SAN DIEGO (FRONTLINE MEDICAL NEWS) Patients who received psychotherapy at the start of buprenorphine treatment for opioid use disorder had better treatment retention over 3 years, an observational study found.

“Opioid use disorder and overdose deaths are devastating many communities across the country,” lead study author Ajay Manhapra, MD, said at the annual meeting and scientific symposium of the American Academy of Addiction Psychiatry. “We know that engagement in opioid agonist treatment with buprenorphine/methadone is associated with a two-thirds reduction in mortality and lower morbidity. However, 1-year retention rates are generally less than 50%.”

Dr. Manhapra of Yale University, New Haven, Conn., noted that while psychotherapy and counseling traditionally have been the bedrock of opioid use disorder (OUD) treatment, recent trials suggest that psychotherapy might not be that essential. In fact, four studies showed no benefit from adding a behavioral intervention to buprenorphine plus medication management, while four other studies indicated some benefit for specific behavioral interventions, primarily contingency management ( Am J Psych. 2017 Aug;174[8]:738-47 ).

As part of a larger study on 3-year buprenorphine retention, Dr. Manhapra and his associates set out to investigate what factors predict long-term retention in buprenorphine treatment. From patients with an OUD diagnosis in the Marketscan database , they identified 16,190 individuals who filled their prescription of buprenorphine after the first 60 days of 2011 as new starts and calculated the treatment retention period as the time between the date of their first prescription to the last prescription until the end of 2014. The researchers used CPT codes to identify the receipt of any outpatient psychotherapy and multivariate Cox survival analysis to examine the effect of psychotherapy receipt on buprenorphine retention.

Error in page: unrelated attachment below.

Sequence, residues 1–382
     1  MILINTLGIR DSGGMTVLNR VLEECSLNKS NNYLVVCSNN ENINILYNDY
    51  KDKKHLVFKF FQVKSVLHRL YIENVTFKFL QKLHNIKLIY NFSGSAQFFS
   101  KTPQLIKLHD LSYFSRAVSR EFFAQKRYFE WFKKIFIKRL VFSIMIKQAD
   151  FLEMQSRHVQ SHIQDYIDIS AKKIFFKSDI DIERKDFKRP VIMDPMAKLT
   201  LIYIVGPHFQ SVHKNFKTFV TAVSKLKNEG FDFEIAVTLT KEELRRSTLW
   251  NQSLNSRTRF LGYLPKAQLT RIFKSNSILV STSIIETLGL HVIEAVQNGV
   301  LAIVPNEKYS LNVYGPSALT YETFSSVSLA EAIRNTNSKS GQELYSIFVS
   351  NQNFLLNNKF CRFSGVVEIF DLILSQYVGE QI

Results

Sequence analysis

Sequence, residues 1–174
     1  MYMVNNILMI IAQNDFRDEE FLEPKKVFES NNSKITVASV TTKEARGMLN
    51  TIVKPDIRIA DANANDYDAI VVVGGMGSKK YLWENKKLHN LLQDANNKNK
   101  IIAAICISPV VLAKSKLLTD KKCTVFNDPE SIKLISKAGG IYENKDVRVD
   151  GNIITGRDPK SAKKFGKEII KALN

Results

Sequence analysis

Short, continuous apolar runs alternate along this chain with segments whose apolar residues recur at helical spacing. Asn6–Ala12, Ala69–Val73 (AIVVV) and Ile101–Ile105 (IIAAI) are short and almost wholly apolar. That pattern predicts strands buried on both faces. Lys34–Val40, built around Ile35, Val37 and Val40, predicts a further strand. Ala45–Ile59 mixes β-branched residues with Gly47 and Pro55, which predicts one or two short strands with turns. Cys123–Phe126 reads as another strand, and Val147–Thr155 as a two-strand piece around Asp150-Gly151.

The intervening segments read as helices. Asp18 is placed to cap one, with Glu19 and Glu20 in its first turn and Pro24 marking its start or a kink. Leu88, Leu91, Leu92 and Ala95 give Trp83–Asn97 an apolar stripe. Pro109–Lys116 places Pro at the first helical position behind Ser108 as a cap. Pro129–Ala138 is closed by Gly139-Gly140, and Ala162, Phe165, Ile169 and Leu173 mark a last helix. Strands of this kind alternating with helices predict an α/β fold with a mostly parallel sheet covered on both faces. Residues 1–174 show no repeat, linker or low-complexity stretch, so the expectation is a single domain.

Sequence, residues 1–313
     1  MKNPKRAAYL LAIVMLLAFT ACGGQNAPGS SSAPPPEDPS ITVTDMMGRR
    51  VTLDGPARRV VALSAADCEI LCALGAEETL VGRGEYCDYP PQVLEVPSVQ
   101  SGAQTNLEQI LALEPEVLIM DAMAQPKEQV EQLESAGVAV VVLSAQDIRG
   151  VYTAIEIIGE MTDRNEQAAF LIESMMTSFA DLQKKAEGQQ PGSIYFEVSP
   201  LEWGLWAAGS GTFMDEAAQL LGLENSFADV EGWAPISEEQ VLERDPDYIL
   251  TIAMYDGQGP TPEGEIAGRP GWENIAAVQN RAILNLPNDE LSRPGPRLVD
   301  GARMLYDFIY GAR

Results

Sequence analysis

Dr. Manhapra reported that of the 16,190 patients, 15% were engaged in buprenorphine treatment for 30 days or fewer, 40% were engaged for 31 days to 1 year, 31% were engaged between 1 and 3 years, and 14% were engaged for more than 3 years. The mean duration of retention was 1.23 years. At the same time, the outpatient psychotherapy receipt rate in 2011 was 30.29% among those retained for 0-30 days, 35.30% among those retained for 31-364 days, 37.59% among those retained for 1-3 years, and 39.20% among those retained for more than 3 years.

Multivariate Cox survival analysis revealed that receipt of any psychotherapy in 2011 was associated with a lower risk of discontinuation of buprenorphine treatment (hazard ratio, 0.86; P less than .0001). “Is this a direct effect of psychotherapy? I don’t know,” said Dr. Manhapra, who also practices at the Hampton (Virginia) VA Medical Center. “Is this a selection bias not accounted for by the variables available? That is, those who have a better chance of sustained retention might have been selected for or chosen to receive psychotherapy. Those are possibilities. We need further observational and qualitative studies, and maybe more randomized trials.”

Dr. Manhapra disclosed that he has received support from the VA Interprofessional Fellowship in Addiction Treatment and from Research in Addiction Medicine Scholars.

SOURCE: Manhapra A et al. AAAP 2017 . Paper session A5.